O-kay. This, I imagined, would be no small task. For one, although I was surprised to find myself texting a human person (WHO, THOUGH? Is there just a trio of sweaty interns holed up in someone's Silicon Valley basement, texting the 15 members of the media who bought this app ad infinitum?) rather than a bot, it would seem that if you're paying someone to fake-date you, it might be hard to convince them to end things. It would seem.

Also, after committing myself to re-reading the User Guide (I really can't emphasize enough how long it is), I noticed this little game-changer:

"Okay, well, so what?" I thought to myself, after taking a few moments to recover. "So what if I can't send him the scary dicks that my roommate screenshots from Grindr, or that dinosaur porn gif that my colleague sent around a few weeks ago?" I can lose this guy. I can do this.


Confident in my natural ability to frighten people, I dove right in. I also decided to switch things up a bit for Round II: Doing This For Real, and generate a new man. (Clearly, I'm a complete and utter fool and don't know a good thing when it's staring me in the face and getting all my poop jokes.)I named Boyfriend No. 2 "Albert Banks," after a character in Disney's 2014 made-for-TV movie How To Build A Boy.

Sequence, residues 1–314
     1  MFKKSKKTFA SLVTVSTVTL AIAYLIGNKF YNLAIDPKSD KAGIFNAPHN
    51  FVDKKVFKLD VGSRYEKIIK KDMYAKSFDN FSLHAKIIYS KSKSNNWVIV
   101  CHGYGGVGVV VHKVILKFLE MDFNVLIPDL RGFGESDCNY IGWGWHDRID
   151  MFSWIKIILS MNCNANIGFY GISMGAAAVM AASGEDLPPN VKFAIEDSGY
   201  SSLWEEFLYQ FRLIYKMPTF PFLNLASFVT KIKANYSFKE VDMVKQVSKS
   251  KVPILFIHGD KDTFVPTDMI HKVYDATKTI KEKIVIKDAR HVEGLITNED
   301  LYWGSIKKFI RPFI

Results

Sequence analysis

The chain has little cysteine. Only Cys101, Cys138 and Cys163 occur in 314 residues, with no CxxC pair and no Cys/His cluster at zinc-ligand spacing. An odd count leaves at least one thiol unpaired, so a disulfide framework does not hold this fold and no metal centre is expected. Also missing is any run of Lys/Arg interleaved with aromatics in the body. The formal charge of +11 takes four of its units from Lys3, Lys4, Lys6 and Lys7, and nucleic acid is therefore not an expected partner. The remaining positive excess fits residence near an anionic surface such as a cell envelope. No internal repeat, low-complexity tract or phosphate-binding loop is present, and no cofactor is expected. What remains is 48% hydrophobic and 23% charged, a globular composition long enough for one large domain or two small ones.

The origin story was auto-generated by the app. Thanks, Invisible Boyfriend, for understanding that I would be too lazy to write one of my own.


Albert (unlike Penn, R.I.P.) took his sweet time getting in touch with me, and when he did, I immediately noted a distinct lack of "sauce" or "sarcasm" in his tone. Albert, I quickly discovered, was dumb and boring.

"If you don't want to come, just say so," I hissed at him, if texts could hiss. He said something about being "freaked out by dead things," which I didn't even dignify with a response. And thus ended our first exchange. I think it went really well.


The following day, I decided to kick things up a notch on the intensity scale. For this next interaction, I relied on a fun little cocktail of astrology and violent mood swings:

Typical Albert obviously didn't even answer the question and said something like, "I want us both to live tho." It's not even worth getting into. He's a dullard. Al and I were obviously not on the same page, but I was playing to win and also, drunk, so I decided to come at him with everything I had: